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28 Reviews

The Orange Box

Delayed, and blighted by slowdown, but Half-Life's appeal doesn't decay

Before you ask - yes, this is a review of the PS3 version. Ignore rivals who've based their impressions on Xbox code. And yes, it slows down, but no, it isn't enough to ruin the game(s) - far from it - although it can affect your aiming and has, albeit slightly, affected our final score. OK?

The Orange Box, for the unitiated, is a compilation of five pretty damn fine FPS's - the stellar Half-Life 2, plus extra adventures Episode One and Episode Two, which continue the story. Then there's online shooter Team Fortress 2 and mind-mangling first-person puzzler, Portal. Phew.

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Let's recap the plot, just briefly. Lead character Gordon Freeman's journey, crammed into just one part of The Orange Box, is epic in every sense. You don't have to have played Half-Life to enjoy it so we'll forego too much history. Just know that in that first game, released in 1998, something went bang in the Black Mesa Research Facility, opening a portal between an alien world and ours. One of few survivors, Freeman was the one tasked with escaping the wreckage and putting everything right. Just as well he's a mix of brainiac and maniac, equally skilled with hands, brain, weapons and crowbar.

Half-Life 2 opens with Freeman transported by the mysterious G-Man (he wears a tie, carries a briefcase and speaks in riddles - that's all we know) to an Earth of the not-too-distant future. Humanity has been enslaved by an alien race called the Combine, shepherded into giant fortified cities for brainwashing, torture and who-knows-what else. City 17 is the police state capital of this new world, its Combine architecture literally eating our own, and spreading out rapidly from the all-controlling Citadel. And somehow, Black Mesa's former administrator, Dr Wallace Breen, has come to rule the planet.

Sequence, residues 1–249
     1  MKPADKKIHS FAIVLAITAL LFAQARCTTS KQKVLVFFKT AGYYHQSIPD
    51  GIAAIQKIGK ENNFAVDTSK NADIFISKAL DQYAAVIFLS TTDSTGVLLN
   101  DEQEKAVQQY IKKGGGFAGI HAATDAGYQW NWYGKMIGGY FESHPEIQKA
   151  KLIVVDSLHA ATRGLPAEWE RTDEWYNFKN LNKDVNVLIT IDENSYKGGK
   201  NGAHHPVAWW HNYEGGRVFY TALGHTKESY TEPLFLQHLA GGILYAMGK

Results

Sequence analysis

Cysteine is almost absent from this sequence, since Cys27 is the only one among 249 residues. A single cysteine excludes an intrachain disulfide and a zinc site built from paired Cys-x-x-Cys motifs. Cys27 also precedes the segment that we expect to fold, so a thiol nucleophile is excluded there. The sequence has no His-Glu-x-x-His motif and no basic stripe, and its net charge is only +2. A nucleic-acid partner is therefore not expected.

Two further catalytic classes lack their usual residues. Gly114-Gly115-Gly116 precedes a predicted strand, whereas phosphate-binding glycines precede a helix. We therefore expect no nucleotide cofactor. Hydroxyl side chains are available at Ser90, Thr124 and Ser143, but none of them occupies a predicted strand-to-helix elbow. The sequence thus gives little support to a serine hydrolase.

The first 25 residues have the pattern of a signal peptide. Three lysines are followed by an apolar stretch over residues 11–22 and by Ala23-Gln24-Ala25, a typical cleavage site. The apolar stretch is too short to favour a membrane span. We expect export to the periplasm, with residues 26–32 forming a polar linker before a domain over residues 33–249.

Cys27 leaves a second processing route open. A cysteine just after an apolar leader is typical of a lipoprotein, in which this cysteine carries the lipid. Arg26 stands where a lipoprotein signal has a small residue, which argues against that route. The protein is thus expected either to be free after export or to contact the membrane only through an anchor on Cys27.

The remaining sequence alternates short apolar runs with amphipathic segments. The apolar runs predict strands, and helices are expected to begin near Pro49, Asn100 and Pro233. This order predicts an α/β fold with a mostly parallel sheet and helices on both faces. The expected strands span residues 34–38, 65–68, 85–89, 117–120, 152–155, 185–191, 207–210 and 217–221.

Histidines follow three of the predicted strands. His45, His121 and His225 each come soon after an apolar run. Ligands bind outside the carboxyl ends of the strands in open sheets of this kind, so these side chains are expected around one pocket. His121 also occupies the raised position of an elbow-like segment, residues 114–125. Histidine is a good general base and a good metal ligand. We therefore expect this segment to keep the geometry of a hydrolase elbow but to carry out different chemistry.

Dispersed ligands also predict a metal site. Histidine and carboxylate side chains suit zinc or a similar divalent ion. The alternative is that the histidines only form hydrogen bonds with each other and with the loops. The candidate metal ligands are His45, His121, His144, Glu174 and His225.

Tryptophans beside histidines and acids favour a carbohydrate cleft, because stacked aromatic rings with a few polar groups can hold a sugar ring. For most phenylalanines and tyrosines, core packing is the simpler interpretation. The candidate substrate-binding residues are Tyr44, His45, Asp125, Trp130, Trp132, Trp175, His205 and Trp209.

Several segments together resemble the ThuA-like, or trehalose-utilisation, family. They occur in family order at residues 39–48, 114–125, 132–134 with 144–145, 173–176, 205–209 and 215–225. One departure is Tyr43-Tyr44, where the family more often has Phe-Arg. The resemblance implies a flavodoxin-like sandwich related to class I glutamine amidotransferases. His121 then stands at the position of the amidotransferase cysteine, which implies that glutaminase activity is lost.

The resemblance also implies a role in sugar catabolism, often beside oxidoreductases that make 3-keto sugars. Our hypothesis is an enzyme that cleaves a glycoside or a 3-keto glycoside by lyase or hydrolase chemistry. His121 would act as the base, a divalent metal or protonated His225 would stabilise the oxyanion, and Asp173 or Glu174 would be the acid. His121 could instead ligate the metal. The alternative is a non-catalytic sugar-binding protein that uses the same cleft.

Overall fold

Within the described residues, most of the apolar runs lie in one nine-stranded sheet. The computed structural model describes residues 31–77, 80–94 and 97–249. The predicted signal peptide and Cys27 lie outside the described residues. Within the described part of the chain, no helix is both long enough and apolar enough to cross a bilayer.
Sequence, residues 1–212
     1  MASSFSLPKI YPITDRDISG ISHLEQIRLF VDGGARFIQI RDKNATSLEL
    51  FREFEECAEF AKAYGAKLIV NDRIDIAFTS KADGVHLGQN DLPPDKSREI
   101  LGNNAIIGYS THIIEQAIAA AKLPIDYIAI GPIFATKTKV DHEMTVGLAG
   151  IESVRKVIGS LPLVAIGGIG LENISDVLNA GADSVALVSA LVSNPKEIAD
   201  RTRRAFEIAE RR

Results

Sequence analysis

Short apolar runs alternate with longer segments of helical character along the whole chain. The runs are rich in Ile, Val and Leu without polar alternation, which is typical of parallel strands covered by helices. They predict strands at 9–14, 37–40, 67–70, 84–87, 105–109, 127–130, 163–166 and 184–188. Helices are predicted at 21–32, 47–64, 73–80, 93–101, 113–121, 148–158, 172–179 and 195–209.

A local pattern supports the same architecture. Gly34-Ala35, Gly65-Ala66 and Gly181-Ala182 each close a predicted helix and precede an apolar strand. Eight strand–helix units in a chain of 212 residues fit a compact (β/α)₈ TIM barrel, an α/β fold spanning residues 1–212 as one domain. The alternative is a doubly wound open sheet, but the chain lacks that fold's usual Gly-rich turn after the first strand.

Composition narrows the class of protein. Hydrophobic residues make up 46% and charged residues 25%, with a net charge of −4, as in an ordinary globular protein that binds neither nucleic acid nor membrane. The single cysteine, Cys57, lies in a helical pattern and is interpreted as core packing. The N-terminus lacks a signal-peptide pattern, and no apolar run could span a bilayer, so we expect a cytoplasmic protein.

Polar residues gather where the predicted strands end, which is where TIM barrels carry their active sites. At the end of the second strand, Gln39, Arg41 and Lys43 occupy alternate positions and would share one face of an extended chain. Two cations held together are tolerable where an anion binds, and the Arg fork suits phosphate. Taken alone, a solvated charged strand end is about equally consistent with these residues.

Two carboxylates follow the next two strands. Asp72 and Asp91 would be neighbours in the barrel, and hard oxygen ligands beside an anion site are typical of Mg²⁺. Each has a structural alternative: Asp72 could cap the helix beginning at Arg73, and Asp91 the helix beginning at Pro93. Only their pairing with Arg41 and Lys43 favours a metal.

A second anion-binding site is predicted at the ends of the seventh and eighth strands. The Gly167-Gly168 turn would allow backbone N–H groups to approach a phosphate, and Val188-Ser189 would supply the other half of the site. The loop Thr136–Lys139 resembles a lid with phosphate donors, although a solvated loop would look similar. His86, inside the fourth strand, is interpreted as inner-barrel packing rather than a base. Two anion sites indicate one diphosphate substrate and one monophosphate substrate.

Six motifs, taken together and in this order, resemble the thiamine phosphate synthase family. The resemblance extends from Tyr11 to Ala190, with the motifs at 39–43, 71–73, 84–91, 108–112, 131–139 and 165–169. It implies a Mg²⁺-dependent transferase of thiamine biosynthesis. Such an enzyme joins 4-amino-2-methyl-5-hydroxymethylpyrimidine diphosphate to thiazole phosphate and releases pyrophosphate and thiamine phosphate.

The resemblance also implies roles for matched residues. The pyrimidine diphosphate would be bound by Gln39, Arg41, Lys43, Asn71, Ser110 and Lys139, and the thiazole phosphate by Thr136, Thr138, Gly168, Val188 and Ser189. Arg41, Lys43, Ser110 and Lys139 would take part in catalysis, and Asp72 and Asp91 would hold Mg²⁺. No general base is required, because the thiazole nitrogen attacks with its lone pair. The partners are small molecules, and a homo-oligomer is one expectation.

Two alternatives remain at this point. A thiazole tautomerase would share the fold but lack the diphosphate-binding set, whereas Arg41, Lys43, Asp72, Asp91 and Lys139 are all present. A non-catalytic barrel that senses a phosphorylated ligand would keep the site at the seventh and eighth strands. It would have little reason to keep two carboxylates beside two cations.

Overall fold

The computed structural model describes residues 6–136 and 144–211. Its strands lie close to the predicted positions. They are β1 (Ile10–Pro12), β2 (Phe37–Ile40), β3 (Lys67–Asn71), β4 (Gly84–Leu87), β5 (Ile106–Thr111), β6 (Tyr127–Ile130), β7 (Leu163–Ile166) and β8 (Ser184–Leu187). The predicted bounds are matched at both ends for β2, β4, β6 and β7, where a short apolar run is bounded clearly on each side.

To tell you the rest would take another dozen pages, so know this: you're in for one helluva ride. PC owners had to wait years for all the twists and turns, enduring cliff-hanger endings and delays between episodes. Here, you get Half-Life 2, which flows into Episodes One and Two - or you can skip directly to each episode.

Freeman on a mission
As Freeman flees the Combine-controlled City 17, survives the wilderness and becomes a hero of the human resistance, Half-Life 2 visits pretty much every corner of the FPS world. It has an environment as bleak as Killzone's Vekta, but altogether more atmospheric and complete. Its characters are superbly realised, more like those of movies than games. And once you get your hands on the now-famous Gravity Gun, its physics-puzzles add a whole new dimension to the game.

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And that's about half of The Orange Box. And so we come to Team Fortress 2 [2], a class-based deathmatch game with its tongue planted firmly in its cheek. If Pixar made Platoon, this is probably what it'd look like.

Beautifully cel-shaded and comically animated, it's a chaotic riot that's easy to pick up. It's not a weapons-based tactics game like Resistance, or a multi-modal warzone like Warhawk - there are no vehicles to control and the choice of weapons is really quite small.

This is more about taking characters with specific skills (and comedy accents), throwing them into the pot and stirring things up. We've explained the classes just above, and they say a lot about the different ways in which you can blow people up, beat people down and piss people off.

The match types, meanwhile, are easy to get the hang of. You've got Deathmatch and Team Deathmatch, Capture The Flag (or, in this case, the briefcase) and territorial conquest, where one team has to defend its command points while the other attacks.

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